Compass Health’s Everett location (Sue Misao / The Herald)

Compass Health’s Everett location (Sue Misao / The Herald)

Compass class teaches first aid — for mental health

A one-day course hosted in Snohomish County is designed to triage behavioral health challenges: “This gave me many more tools.”

EVERETT — If you want to spend a day learning how to identify the signs of someone experiencing mental health distress, and then how to support them, consider a “mental health first aid” class for adults or youth.

When Bonnie Eckley, executive director of the Camano Center, heard about the class in May she jumped at the opportunity. And she would absolutely recommend it to others.

“It has definitely changed the way I look at people and think about them. I have always been good at having an empathetic eye,” Eckley said. “But this gave me many more tools.”

At the Camano Center, Eckley works with people ages 60 and older.

“Every part of COVID hit this population hard,” with isolation, physical health decline and grief over friends and loved ones who died, she said.

The course is intended for people who work with “individuals who might have signs and symptoms of behavioral health challenges,” said Megan Boyle, director of children’s intensive services at Compass Health.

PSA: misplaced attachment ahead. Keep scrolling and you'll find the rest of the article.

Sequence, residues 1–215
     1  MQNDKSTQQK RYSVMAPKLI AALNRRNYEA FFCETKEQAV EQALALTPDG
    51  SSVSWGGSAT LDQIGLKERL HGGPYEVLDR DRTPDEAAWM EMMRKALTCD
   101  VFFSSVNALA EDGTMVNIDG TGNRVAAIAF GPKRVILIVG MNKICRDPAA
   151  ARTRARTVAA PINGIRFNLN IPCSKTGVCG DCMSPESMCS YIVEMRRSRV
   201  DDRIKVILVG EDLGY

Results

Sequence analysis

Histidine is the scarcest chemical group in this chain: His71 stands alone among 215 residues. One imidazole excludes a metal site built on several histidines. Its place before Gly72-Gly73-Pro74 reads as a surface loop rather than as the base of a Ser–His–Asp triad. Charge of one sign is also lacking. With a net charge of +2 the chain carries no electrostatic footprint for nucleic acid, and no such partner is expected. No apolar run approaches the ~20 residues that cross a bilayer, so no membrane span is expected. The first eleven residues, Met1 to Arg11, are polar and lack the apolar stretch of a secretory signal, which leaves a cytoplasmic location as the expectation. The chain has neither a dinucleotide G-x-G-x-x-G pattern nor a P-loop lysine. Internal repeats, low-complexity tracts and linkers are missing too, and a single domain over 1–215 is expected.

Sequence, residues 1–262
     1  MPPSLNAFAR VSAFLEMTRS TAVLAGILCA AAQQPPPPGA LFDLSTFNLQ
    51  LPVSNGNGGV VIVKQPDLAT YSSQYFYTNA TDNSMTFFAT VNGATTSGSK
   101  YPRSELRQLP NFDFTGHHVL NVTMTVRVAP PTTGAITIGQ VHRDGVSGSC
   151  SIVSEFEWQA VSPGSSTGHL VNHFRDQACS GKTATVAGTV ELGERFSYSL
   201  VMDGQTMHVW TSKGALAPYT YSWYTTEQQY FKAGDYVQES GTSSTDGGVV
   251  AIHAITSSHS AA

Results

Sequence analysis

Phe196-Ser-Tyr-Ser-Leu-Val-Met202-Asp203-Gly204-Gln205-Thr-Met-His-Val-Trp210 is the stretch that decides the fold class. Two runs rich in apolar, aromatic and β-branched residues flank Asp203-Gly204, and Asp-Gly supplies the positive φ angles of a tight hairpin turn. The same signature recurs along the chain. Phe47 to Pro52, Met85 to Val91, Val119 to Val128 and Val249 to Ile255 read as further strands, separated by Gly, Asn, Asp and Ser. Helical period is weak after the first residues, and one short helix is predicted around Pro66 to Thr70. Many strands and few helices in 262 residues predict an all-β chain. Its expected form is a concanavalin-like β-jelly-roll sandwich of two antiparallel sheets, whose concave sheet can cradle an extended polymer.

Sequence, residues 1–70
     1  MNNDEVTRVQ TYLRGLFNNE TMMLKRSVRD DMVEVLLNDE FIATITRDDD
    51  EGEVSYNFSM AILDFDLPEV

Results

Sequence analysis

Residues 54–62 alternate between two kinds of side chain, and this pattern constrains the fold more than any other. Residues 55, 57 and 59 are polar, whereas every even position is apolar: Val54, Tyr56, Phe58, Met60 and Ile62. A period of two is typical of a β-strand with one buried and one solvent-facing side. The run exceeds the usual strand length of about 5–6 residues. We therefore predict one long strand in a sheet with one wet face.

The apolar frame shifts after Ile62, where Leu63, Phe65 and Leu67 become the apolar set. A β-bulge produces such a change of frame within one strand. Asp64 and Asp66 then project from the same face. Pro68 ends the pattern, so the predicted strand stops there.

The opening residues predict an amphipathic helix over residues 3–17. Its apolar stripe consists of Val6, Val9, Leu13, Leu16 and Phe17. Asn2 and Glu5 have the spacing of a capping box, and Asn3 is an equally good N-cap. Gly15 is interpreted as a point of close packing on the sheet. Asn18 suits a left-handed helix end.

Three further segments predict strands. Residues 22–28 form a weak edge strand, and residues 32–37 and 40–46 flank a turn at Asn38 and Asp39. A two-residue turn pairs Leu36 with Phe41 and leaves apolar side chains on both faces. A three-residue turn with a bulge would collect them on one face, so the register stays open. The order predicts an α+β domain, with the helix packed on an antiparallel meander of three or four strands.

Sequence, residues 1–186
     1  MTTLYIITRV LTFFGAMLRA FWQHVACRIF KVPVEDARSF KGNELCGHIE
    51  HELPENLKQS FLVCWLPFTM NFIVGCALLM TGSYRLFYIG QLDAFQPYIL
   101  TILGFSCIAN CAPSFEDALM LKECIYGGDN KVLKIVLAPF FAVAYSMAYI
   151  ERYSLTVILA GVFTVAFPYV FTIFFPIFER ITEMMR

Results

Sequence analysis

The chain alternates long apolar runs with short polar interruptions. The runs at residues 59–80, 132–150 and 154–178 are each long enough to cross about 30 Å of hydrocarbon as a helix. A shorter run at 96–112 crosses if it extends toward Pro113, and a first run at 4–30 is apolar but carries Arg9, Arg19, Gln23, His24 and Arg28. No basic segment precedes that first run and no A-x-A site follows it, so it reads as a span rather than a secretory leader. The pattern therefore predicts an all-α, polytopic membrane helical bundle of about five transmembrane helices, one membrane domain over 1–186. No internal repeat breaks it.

The one-day class, with two hours of independent preparation work, costs $25. The Daily Herald interviewed four recent trainees, who praised the instructors and the manual they took home with information, statistics, action plans and local resources.

The action plan for trainees, known as ALGEE, follows these five steps:

• Assess for risk of suicide or harm;

• Listen non-judgmentally;

• Give reassurance and information;

• Encourage appropriate professional help;

• Encourage self-help and other support strategies.

Andrew Brokaw, program manager at the Edmonds food bank, said he took the training to help with de-escalation tactics among food bank clients. He learned about the 988 crisis line and also put together a crisis management plan for all staff. He said social service organizations in Edmonds do not want to call police when unhoused people are involved, out of fear that they could be charged with a misdemeanor or sent up to 35 miles away for a shelter bed.

“This is a good alternative to having to call the police in crisis situations,” Brokaw said.

Boyle said in the end, one organization or profession cannot be solely responsible for supporting folks with behavioral health needs. And some people might not need professional help, whereas others do need crisis care. But the average person can be there to support anyone in the process.

“It’s really a community task for us to support members of our family or neighbors, people that we encounter who are struggling,” Boyle said. “And often people might feel more comfortable sharing their own challenges with someone that is in their family or their community versus a professional.”

Anyone can sign up, as can organizations that would like to host their own training. Visit

People in crisis and those supporting them can call or text 988, the suicide and crisis lifeline.

Joy Borkholder: 425-339-3430;; Twitter: @jlbinvestigates.

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